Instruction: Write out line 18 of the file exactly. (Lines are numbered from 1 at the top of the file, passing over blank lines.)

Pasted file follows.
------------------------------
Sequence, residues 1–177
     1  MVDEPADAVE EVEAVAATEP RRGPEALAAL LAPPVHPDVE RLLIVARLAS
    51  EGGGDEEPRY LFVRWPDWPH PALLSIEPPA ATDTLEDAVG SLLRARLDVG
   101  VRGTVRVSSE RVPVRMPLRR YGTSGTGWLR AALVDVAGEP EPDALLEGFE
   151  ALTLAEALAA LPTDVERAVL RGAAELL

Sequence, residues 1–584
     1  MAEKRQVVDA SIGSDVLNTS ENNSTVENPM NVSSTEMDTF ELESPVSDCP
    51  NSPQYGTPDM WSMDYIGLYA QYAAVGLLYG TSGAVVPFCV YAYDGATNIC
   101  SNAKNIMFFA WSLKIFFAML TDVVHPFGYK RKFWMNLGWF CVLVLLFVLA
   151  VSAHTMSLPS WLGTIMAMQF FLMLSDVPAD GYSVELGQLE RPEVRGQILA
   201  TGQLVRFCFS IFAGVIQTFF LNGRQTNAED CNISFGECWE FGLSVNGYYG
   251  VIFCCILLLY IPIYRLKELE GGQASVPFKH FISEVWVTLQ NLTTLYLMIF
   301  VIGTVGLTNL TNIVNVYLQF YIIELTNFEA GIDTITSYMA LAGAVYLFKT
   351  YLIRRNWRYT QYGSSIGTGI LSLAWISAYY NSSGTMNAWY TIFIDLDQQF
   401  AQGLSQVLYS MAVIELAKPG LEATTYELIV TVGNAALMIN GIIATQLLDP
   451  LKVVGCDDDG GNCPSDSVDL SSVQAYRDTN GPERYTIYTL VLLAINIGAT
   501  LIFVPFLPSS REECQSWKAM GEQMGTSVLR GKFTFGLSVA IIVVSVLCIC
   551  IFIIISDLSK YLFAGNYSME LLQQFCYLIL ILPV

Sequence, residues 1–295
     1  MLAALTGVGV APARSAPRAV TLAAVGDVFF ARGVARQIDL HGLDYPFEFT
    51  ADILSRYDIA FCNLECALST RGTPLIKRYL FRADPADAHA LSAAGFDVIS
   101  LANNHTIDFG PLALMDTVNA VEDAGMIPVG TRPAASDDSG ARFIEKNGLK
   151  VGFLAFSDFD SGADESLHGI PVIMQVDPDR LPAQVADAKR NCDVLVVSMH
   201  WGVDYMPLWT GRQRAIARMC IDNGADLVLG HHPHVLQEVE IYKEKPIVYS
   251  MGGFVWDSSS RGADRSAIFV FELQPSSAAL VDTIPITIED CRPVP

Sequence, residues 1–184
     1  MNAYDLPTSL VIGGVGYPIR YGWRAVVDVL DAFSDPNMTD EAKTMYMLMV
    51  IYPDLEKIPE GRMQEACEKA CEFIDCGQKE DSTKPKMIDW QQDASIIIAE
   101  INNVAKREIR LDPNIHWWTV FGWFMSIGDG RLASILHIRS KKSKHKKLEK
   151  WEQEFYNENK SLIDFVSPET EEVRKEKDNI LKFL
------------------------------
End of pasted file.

   551  IFIIISDLSK YLFAGNYSME LLQQFCYLIL ILPV